Commissioners make pension plan change

August 22, 2010
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Grand Rapids city commissioners amended the city’s pension ordinance for its non-unionized employees recently, a move that City Manager Greg Sundstrom said would reduce the city’s cost to the plan by 20 percent.

Administrative staff, managers and department directors will be given a choice from the following three options for their defined-benefit plan:

  • Keep the existing 2.7 percent pension multiplier by increasing their contribution rate to 10.2 percent.

  • Reduce the multiplier to 2.5 percent by increasing their contribution to 8.95 percent.

  • Reduce the multiplier to 2.2 percent by increasing their contribution to 7.28 percent.

The employees have until Sept. 3 to select an option. In addition, the new ordinance sets the multiplier at 2 percent for non-represented employees who join or rejoin the city on or after Sept. 5. Non-union employees account for roughly 5 percent of the city’s work force.

The city’s current contribution rate to the general pension, which doesn’t include police and fire personnel, is 13.6 percent. But it has been projected to rise to 27.5 percent in 2015, without changes being made to the funding provision.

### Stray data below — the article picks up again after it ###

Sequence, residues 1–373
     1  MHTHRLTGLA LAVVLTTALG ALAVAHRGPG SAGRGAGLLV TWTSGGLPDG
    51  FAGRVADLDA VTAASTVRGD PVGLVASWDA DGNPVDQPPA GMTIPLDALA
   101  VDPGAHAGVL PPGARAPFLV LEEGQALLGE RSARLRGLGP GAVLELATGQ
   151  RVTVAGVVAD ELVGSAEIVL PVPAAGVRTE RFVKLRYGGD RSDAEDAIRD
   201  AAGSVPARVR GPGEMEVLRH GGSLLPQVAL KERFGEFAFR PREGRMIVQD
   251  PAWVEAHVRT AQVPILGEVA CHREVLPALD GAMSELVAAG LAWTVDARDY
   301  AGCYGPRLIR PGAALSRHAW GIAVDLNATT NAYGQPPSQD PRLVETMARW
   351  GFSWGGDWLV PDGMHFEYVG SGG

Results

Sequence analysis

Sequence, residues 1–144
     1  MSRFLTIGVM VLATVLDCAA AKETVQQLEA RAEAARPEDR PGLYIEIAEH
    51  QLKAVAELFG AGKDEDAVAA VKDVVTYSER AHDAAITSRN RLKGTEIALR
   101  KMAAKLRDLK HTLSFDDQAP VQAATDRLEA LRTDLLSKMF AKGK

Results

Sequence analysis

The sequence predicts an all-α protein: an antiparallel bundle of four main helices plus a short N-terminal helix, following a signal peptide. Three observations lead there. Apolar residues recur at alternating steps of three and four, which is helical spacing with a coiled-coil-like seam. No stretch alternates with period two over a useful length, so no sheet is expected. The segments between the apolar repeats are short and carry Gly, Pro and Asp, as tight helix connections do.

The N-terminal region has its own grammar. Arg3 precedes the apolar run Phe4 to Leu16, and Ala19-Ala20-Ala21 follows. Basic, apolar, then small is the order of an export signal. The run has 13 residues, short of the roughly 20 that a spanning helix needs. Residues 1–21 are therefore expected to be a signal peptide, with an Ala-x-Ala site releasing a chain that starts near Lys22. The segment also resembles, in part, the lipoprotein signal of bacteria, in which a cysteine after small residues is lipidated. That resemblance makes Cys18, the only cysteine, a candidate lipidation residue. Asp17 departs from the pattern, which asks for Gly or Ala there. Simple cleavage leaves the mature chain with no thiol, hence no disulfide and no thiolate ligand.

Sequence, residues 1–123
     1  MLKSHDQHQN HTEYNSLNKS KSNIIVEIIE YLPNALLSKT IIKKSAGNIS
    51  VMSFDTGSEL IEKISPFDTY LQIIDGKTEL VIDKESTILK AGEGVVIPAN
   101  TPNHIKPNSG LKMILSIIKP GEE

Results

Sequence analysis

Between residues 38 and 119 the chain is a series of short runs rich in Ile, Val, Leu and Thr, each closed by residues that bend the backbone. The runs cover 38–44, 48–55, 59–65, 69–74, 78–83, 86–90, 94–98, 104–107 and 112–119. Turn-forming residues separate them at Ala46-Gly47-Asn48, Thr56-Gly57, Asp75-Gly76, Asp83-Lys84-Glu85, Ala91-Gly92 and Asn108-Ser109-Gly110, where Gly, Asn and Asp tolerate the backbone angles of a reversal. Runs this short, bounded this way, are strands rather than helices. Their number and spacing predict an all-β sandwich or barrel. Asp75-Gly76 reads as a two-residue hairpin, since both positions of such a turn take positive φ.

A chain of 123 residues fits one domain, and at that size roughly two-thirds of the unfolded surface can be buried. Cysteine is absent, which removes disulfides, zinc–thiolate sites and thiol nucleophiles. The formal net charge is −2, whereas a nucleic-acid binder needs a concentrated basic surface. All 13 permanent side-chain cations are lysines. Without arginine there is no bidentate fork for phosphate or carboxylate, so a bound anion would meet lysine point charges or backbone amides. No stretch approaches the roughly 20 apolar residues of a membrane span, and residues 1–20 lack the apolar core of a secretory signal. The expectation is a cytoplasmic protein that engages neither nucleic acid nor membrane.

“We value our employees and we want to be fair,” said Ruth Kelly, 2nd Ward commissioner. “But we have to provide services.”

Commissioners also gave the city’s pension board the authority last week to deduct the cost of health insurance premiums from retirees’ pension checks.

When commissioners adopted the current $110.7 million general operating budget in June, they said they needed more compensation concessions from all employees, including top-level, non-unionized managers and directors. They want all workers to increase their share of health insurance premiums, raise their contribution rate to the pension plans, and lower the paid time-off they receive.

Commissioners also gave Sundstrom and his staff until the end of the year to get the city’s dozen bargaining units to agree to compensation cuts of 10 percent, which would lower general-operating expenditures by $37.7 million over the next five fiscal years.

Five of the unions represent police and fire personnel. The city’s contribution to the police and firefighters pension is 11.6 percent but is expected to rise to 28 percent in 2015 without any adjustments.

“We’re serious about this,” said Mayor George Heartwell of pension changes.

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